Between the constant pressures of job performance and the demands on your time, it’s easy to lose sight of your values, letting them shift out of alignment. Those simple misalignments are keeping you from feeling joyful and fulfilled. The Values First Framework developed by Laura Eigel can help you change that picture by re-centering your life around what truly matters to you. With proven reflections and exercises to help you zero in on your core values and discover what authentic leadership means for you, Values First is going to help you shift out of the struggle and into the flow of the joyful career and the joyful life that you are meant to live. Here is my conversation with Laura Eigel.
Welcome back to Author Hour. I’m your host Benji Block and today, we are honored to be joined by Laura Eigel. She has just authored a new book and the title of the book is Values First: How Knowing Your Core Beliefs Can Get You the Life and Career You Want. Laura, welcome to Author Hour.
Laura Eigel: Thank you so much for having me.
Benji Block: Laura, you are the founder of The Catch Group, a leadership coaching firm that’s helping accelerate women into the C-Suite and you also have your own podcast that you host, You Belong in the C-Suite Podcast. I’m excited to get to chat with you for a number of reasons but you’re very busy. Tell me why now is the right time to work on a book on top of all this other stuff you’re doing?
Laura Eigel: Thanks so much for the question. You know, I’ve had the podcast now for a little over a year and I didn’t realize how much I loved creating until then and the book is an avenue for creation I think. Also, it’s really a way to scale. I mean, I can’t work with every person and one of the things that I love doing when I was in corporate America is scaling things and making them accessible. So the book is a really great way to do that and to make it accessible for lots of different people.
Benji Block: So, when you’re working on this book, who are you imagining in your mind like your ideal reader that — what’s giving you that juice, that momentum to keep writing because you know someone is going to pick it up and get something from it.
Laura Eigel: You know, it’s funny and I learn this in the book writing process, I feel like I’m writing it to the early-career version of myself.
Benji Block: Nice.
Laura Eigel: You know? And it’s something that I – when I picture that, I’m almost picturing young Laura right outside of grad school and the things that I wish I knew, right? So really, the ideal reader is anybody in corporate America or an entrepreneur. The framework is very accessible and it really doesn’t matter where you are in your career. I think there’s – you’ll get a nugget out of it but the person that I imagined as I was writing it was really early career me.
Benji Block: I love that. I am always so interested to hear who people imagine. I think a younger version of you, you know exactly how to talk to that person, right? Because you’ve lived through it, it makes your perspective more valuable and you know the insights that you needed. So let’s dive into some of the content here. Clearly, you’re talking a lot about value, values first.
The Evolution of “Values”
Values is actually an acronym in the book and we won’t get into all of these but values is, values first, audit time, life boundaries, uplifting others, experiencing conflict, sustaining values. Let’s just start there at the top, this idea of values first and I’d love to know, for you Laura, what started prompting you towards this values first approach?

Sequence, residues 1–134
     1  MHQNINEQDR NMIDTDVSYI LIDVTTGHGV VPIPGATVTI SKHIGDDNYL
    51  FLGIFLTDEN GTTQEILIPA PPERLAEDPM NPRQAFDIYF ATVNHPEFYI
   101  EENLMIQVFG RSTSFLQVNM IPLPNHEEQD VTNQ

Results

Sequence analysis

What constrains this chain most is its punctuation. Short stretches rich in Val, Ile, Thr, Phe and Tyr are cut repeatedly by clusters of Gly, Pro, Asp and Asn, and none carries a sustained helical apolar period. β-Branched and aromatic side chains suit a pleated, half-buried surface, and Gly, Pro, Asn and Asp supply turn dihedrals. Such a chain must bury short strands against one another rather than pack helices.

Laura Eigel: Yeah, thank you for the question. I am – as I reflect back in my career, this is always the way that I’ve led. I’ve led with authenticity and I’ve dug into the things that matter most to me and you know, once I put a language to it and I could name it, that’s really when I found, “Hey, this is really applicable. If it’s applicable for me, it’s going to be for others” and so, values first is really the first step, right?
The first thing I need to do is to define what matters most to me, to set the foundation, to really understand, “Am I living this life of fulfillment and what does that even look like, can I name it?” Because the way that you can get to it and I show this within an exercise in the first part of the book is you know, just clarifying what that looks like and sometimes identifying your values, it’s identifying what’s not working and because if you’re in discomfort or if you’re in a feeling of being unfulfilled, being able to name that unfulfillment is usually tied to a value.
I think that’s the first steps of it is putting a language around it so that I can identify what is being met and what is not and this idea of values, everybody has values. Every single person can tell you something that’s meaningful to them and so for myself, I know that my values are family, growth, development, advocacy, achievement and balance. When I’m living those, then I’m more fulfilled and when I’m not, that is very apparent.
It’s usually one of those things are not being met or those things are in conflict with each other. What I find is that, you know, once you can name that, then it sets you up to then create a plan of action to attain those in life and career. That’s why that’s just such an integral step to that process is to really first understand what your values even are.
Benji Block: Yeah, I was going to say, I totally think if people would take the time to sit down, they would see the way they’re living the values that they’re living from but sometimes we’re just blind to the water that we swim in, right? Sometimes we’re just kind of going along and like, “Oh, I didn’t really realize how much of a value this is to me.”